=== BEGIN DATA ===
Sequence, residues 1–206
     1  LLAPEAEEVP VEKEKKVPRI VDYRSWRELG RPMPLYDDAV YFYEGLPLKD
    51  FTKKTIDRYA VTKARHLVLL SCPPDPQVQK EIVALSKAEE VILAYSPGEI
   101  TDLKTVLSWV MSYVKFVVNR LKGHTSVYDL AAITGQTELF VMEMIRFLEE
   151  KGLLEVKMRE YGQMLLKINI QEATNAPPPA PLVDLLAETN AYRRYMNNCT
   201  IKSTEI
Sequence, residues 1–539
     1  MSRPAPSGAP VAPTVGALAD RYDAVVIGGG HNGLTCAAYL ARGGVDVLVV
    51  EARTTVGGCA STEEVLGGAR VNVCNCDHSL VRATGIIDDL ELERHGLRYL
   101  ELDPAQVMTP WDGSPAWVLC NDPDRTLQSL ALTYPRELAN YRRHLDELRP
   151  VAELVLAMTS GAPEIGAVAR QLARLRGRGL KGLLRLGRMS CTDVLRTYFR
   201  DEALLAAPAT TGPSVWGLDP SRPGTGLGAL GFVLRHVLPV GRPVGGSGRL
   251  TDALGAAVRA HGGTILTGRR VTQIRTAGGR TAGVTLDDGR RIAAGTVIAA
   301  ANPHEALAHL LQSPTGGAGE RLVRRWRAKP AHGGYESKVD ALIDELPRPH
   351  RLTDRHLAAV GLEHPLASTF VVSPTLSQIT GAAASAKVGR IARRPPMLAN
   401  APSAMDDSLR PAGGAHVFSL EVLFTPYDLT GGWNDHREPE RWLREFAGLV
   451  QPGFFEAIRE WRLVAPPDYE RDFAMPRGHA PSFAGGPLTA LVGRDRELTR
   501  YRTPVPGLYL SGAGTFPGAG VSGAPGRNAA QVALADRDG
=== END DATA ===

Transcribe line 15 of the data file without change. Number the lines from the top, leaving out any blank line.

   351  RLTDRHLAAV GLEHPLASTF VVSPTLSQIT GAAASAKVGR IARRPPMLAN